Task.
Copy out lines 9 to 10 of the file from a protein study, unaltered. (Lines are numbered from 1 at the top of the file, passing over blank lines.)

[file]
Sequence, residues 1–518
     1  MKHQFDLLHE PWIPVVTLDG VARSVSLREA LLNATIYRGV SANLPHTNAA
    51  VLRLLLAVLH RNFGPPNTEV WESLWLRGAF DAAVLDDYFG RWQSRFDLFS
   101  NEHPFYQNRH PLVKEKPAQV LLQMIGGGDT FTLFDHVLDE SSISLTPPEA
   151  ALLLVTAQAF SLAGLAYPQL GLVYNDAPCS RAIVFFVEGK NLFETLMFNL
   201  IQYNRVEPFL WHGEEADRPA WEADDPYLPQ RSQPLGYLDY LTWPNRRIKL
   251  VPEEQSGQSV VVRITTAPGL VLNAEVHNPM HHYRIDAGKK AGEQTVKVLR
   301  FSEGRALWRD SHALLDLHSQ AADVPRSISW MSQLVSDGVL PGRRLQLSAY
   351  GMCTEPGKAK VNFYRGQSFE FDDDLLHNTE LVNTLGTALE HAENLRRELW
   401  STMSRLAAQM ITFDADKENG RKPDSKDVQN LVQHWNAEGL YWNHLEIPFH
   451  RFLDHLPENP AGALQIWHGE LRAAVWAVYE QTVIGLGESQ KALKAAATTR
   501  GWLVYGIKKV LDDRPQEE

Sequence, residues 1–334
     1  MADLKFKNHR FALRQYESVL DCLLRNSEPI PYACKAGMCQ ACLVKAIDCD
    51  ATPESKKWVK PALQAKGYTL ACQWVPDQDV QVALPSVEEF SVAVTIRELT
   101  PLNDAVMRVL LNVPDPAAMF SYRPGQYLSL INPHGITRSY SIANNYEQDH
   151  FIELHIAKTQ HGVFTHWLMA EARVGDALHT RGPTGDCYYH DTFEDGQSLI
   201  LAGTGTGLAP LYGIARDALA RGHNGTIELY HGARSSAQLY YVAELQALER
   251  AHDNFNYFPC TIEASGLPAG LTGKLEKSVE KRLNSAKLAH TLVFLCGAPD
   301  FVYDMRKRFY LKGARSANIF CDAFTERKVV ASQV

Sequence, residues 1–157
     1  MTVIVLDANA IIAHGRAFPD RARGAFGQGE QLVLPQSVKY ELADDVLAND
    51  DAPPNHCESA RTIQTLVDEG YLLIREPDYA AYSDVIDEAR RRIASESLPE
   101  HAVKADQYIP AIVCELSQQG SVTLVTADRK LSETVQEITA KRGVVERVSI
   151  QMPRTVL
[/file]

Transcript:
   351  GMCTEPGKAK VNFYRGQSFE FDDDLLHNTE LVNTLGTALE HAENLRRELW
   401  STMSRLAAQM ITFDADKENG RKPDSKDVQN LVQHWNAEGL YWNHLEIPFH